Mises Institute. 1999. p. 57.
* ^ Manns, Leslie D., "Dominance in the Oil Industry: Standard Oil
from 1865 to 1911" in David I. Rosenbaum ed., _Market Dominance: How
Firms Gain, Hold, or Lose it and the Impact on Economic Performance_,
p. 11 (Praeger 1998).
* ^ Jones, p. 73.
* ^ Jones, p 75–76.
* ^ Jones, p. 80.
* ^ See generally _
Standard Oil Co. of
New Jersey v. United
States_, 221 U.S. 1 (1911).
* ^ Rockefeller the richest man after the dissolution of 1911—see
Yergin, op. cit., (p.113)
* ^ "The Sherman Anti-Trust Act and Standard Oil" (PDF). University
of Houston . January 9, 2014.
* ^ _A_ _B_ "A Guide to the
ExxonMobil Historical Collection".
Texas at Austin . Retrieved January 9, 2014.
* ^ The Investing Secrets of the Richest Man the World Has Ever
* ^ http://www.polyconomics.com/searchbase/06-12-98.html
* ^ Congressional Record, 51st Congress, 1st session, House, June
20, 1890, p. 4100.
* ^ Harold F. Williamsson and others, (1963) _The American
Petroleum Industry, 1899-1959_, Evanston, Ill.: Northwestern Univ.
* ^ David I. Rosenbaum, _Market Dominance: How Firms Gain, Hold, or
Lose it and the Impact on Economic Performance_, New York: Praeger
Publishers, 1998, (pp.31–33)
* ^ "
Microsoft hit by record EU fine". _CNN_. March 25, 2004.
Archived from the original on April 13, 2006. Retrieved August 14,
* ^ "Commission Decision of 24.03.2004 relating to a proceeding
under Article 82 of the EC Treaty (Case COMP/C-3/37.792 Microsoft)"
(PDF). Commission of the European Communities. April 21, 2004.
Retrieved August 5, 2005.
* ^ Pollack, Andrew (September 22, 1995). "AT&T Move Is a Reversal
Of Course Set in 1980\'s". _The New York Times_.
* ^ "Ashland Oil & Refining Company - Lehman Brothers Collection".
* ^ Droz, Robert V. "
Standard Oil Today". _US Highways from US 1 to
US 830_. Archived from the original on October 17, 2015.
* ^ _A_ _B_ "Google Maps".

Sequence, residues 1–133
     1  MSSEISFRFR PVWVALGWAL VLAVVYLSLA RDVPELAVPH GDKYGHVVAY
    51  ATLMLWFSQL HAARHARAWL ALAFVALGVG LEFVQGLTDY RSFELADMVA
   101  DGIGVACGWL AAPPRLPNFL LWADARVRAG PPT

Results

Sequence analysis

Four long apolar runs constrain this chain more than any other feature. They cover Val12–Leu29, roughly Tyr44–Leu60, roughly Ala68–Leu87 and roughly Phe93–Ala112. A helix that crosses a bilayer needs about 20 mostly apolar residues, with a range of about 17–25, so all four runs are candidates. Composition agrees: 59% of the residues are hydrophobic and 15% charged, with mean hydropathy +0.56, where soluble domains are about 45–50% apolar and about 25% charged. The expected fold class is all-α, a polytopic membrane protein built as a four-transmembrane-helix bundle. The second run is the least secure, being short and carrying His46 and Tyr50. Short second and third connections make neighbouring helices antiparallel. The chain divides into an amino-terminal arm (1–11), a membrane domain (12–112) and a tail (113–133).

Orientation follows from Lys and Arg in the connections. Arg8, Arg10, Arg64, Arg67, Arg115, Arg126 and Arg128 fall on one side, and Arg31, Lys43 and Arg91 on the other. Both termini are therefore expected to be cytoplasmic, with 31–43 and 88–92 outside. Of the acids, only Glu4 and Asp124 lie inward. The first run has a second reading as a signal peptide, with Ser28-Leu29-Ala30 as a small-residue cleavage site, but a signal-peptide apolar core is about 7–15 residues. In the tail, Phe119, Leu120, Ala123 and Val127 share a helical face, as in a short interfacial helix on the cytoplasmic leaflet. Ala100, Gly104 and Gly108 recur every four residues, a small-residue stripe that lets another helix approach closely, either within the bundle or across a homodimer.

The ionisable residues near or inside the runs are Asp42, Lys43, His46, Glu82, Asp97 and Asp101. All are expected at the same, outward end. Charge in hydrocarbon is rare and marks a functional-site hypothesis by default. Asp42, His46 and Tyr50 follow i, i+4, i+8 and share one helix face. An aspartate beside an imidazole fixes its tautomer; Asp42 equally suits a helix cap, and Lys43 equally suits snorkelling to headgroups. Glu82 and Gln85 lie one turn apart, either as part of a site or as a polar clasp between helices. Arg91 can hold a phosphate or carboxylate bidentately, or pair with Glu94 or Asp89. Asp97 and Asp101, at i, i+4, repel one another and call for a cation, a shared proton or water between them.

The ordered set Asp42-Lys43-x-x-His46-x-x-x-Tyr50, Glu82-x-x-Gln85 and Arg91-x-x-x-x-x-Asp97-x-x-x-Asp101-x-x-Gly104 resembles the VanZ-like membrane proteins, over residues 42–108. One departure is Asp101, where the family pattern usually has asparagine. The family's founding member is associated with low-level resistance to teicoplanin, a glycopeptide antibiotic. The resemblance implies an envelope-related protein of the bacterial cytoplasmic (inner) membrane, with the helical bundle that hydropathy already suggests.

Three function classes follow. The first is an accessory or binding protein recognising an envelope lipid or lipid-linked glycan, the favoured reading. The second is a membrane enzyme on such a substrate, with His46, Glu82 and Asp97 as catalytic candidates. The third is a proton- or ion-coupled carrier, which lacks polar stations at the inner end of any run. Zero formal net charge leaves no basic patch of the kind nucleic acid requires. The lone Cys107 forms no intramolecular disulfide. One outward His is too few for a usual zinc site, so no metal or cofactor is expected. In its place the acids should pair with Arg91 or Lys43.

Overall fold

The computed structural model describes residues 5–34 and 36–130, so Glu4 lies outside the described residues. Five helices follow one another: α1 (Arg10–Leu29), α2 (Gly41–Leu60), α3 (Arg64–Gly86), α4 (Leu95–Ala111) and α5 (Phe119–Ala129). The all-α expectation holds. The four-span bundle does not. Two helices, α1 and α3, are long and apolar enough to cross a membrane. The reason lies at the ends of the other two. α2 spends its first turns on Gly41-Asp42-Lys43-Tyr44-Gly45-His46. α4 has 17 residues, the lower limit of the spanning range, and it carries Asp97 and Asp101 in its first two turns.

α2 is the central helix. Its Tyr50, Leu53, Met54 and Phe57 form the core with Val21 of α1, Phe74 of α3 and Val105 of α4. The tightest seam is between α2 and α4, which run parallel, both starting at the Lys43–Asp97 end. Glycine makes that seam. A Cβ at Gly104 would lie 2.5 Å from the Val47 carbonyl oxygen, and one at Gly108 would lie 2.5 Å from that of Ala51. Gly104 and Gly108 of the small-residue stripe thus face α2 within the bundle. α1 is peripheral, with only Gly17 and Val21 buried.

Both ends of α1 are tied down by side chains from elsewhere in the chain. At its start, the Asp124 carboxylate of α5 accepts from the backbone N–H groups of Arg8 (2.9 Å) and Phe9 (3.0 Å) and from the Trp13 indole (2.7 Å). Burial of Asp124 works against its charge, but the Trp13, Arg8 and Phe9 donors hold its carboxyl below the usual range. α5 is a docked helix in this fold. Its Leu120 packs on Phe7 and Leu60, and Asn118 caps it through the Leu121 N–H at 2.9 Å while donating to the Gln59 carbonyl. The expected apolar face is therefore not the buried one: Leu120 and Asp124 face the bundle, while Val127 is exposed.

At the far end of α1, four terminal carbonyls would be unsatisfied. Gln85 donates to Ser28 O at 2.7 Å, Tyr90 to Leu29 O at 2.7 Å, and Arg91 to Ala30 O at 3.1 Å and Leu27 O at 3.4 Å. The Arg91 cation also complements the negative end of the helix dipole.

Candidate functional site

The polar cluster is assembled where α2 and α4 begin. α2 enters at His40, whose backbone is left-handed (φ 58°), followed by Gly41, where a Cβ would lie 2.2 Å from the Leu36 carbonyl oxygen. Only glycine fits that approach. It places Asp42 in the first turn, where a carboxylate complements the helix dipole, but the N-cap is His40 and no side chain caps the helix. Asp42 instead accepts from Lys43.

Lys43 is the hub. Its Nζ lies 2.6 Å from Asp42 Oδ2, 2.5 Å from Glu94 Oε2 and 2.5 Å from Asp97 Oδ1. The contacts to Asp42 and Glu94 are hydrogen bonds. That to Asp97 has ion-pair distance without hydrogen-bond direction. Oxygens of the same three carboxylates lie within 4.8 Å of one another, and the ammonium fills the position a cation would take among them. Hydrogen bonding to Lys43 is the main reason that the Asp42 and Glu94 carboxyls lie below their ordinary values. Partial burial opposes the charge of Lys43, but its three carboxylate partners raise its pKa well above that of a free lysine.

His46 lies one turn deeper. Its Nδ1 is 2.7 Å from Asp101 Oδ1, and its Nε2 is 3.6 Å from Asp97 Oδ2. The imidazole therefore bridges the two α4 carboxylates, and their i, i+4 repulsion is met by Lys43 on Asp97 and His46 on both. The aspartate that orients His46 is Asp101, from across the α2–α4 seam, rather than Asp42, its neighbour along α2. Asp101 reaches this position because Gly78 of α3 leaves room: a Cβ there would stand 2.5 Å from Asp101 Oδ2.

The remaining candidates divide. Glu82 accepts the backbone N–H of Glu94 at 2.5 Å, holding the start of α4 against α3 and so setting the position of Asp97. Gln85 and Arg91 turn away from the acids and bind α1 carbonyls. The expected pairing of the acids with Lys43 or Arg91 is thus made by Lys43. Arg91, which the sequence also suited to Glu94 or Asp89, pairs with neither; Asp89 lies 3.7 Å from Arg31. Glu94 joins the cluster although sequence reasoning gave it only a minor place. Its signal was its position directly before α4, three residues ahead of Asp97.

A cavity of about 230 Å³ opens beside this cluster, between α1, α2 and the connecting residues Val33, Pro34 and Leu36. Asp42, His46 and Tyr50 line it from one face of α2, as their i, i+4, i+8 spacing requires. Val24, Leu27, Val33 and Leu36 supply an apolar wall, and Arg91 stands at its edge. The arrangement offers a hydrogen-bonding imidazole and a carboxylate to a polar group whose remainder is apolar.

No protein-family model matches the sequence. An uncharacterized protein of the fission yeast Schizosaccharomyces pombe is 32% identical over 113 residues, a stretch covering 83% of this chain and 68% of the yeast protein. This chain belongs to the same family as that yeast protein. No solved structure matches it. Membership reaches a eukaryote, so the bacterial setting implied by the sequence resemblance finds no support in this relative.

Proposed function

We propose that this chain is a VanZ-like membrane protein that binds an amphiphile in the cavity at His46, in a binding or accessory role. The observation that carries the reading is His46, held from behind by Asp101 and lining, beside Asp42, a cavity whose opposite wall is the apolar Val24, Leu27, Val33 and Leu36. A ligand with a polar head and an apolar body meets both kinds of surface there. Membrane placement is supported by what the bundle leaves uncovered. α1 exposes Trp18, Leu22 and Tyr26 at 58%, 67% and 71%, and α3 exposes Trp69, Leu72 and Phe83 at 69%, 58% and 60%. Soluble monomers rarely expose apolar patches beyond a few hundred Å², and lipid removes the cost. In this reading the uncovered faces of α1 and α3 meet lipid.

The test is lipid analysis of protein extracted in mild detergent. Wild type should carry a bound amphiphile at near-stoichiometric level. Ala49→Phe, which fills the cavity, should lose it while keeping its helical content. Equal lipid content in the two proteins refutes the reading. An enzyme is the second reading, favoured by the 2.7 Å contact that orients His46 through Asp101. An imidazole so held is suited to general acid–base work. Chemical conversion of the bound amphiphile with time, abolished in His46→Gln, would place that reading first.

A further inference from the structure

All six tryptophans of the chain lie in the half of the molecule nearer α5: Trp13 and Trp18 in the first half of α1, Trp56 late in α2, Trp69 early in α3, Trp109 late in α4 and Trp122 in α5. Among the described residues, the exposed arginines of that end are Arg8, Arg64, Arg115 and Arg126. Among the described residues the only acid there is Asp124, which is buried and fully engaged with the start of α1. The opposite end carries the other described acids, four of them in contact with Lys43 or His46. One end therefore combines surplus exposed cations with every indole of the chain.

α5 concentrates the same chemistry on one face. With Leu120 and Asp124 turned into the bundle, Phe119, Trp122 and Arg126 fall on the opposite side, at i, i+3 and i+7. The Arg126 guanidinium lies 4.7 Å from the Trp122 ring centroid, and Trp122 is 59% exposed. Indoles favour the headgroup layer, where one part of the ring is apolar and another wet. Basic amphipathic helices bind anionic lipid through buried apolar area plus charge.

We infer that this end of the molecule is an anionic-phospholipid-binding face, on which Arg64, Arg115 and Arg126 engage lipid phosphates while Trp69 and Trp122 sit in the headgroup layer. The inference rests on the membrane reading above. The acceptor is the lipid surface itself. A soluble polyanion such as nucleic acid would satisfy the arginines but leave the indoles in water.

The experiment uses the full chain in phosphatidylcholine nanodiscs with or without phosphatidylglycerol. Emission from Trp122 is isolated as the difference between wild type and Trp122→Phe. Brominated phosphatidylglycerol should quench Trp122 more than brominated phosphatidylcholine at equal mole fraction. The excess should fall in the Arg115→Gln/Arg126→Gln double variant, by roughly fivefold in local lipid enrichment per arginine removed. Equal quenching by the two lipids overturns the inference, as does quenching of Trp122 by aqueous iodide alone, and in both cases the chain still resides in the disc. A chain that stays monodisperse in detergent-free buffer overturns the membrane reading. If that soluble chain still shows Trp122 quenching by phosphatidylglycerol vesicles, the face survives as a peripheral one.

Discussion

* ^ "Chevron Website".
* ^ _A_ _B_
* ^ "Eastern Withdrawal for Chevron". Archived from the original on
July 8, 2011.
* Bringhurst, Bruce. _
Antitrust and the Oil Monopoly: The Standard
Oil Cases, 1890–1911_. New York: Greenwood Press, 1979.
* Chernow, Ron. _Titan: The Life of John D. Rockefeller, Sr._
London: Warner Books, 1998.
* Cochran, S., _Encountering Chinese Networks: Western, Japanese,
and Chinese Corporations in China, 1880-1937_, University of
California Press, 2000.
* Droz, R.V. Whatever Happened to Standard Oil?, 2004. Retrieved
June 25, 2005.
* Folsom, Jr., Burton W. _
John D. Rockefeller and the Oil Industry_
from _The Myth of the Robber Barons_. New York: Young America, 2003.
* Giddens, Paul H. _
Standard Oil Co. (Companies and men)_. New York:
Ayer Co. Publishing, 1976.
* Henderson, Wayne. _Standard Oil: The First 125 Years_. New York:
Motorbooks International, 1996.
* Hidy, Ralph W. and Muriel E. Hidy. _History of
Standard Oil Co.
New Jersey : Pioneering in Big Business 1882–1911)_. (Harper,
1956); 869pp; a standard scholarly study.
* Jones; Eliot. _The Trust Problem in the United States_ 1922.
Chapter 5; online free; another online edition
* Knowlton, Evelyn H. and George S. Gibb. _History of Standard Oil
Co.: Resurgent Years 1911–1927_. New York: Harper & Row, 1956.
* Latham, Earl ed. _John D. Rockefeller: Robber Baron or Industrial
Statesman?_, 1949. Primary and secondary sources.
* Manns, Leslie D. "Dominance in the Oil Industry:
Standard Oil from
1865 to 1911" in David I. Rosenbaum ed, _Market Dominance: How Firms
Gain, Hold, or Lose it and the Impact on Economic Performance_.
Praeger, 1998. online edition
* Montague, Gilbert Holland. _The Rise And Progress of the Standard
Oil Co_. (1902) online edition
* Montague, Gilbert Holland. "The Rise and Supremacy of the Standard
Oil Co.," _Quarterly Journal of Economics_, Vol. 16, No. 2 (February,
1902), pp. 265–2